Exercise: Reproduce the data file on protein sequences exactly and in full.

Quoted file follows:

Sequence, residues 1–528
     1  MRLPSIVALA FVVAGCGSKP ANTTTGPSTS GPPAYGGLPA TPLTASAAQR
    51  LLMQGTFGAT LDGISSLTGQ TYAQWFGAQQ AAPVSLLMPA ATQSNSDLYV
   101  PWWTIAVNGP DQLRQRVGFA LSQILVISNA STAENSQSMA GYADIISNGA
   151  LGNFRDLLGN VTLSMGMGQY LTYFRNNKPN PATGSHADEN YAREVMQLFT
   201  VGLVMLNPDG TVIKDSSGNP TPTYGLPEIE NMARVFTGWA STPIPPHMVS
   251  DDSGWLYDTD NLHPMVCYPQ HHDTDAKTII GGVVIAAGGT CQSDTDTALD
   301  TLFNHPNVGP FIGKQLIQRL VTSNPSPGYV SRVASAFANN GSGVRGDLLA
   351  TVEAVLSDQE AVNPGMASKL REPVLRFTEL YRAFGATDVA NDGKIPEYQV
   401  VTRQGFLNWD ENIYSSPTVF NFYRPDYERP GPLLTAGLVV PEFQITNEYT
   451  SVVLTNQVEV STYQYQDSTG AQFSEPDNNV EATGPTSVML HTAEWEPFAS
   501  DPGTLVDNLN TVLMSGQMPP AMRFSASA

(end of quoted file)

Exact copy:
Sequence, residues 1–528
     1  MRLPSIVALA FVVAGCGSKP ANTTTGPSTS GPPAYGGLPA TPLTASAAQR
    51  LLMQGTFGAT LDGISSLTGQ TYAQWFGAQQ AAPVSLLMPA ATQSNSDLYV
   101  PWWTIAVNGP DQLRQRVGFA LSQILVISNA STAENSQSMA GYADIISNGA
   151  LGNFRDLLGN VTLSMGMGQY LTYFRNNKPN PATGSHADEN YAREVMQLFT
   201  VGLVMLNPDG TVIKDSSGNP TPTYGLPEIE NMARVFTGWA STPIPPHMVS
   251  DDSGWLYDTD NLHPMVCYPQ HHDTDAKTII GGVVIAAGGT CQSDTDTALD
   301  TLFNHPNVGP FIGKQLIQRL VTSNPSPGYV SRVASAFANN GSGVRGDLLA
   351  TVEAVLSDQE AVNPGMASKL REPVLRFTEL YRAFGATDVA NDGKIPEYQV
   401  VTRQGFLNWD ENIYSSPTVF NFYRPDYERP GPLLTAGLVV PEFQITNEYT
   451  SVVLTNQVEV STYQYQDSTG AQFSEPDNNV EATGPTSVML HTAEWEPFAS
   501  DPGTLVDNLN TVLMSGQMPP AMRFSASA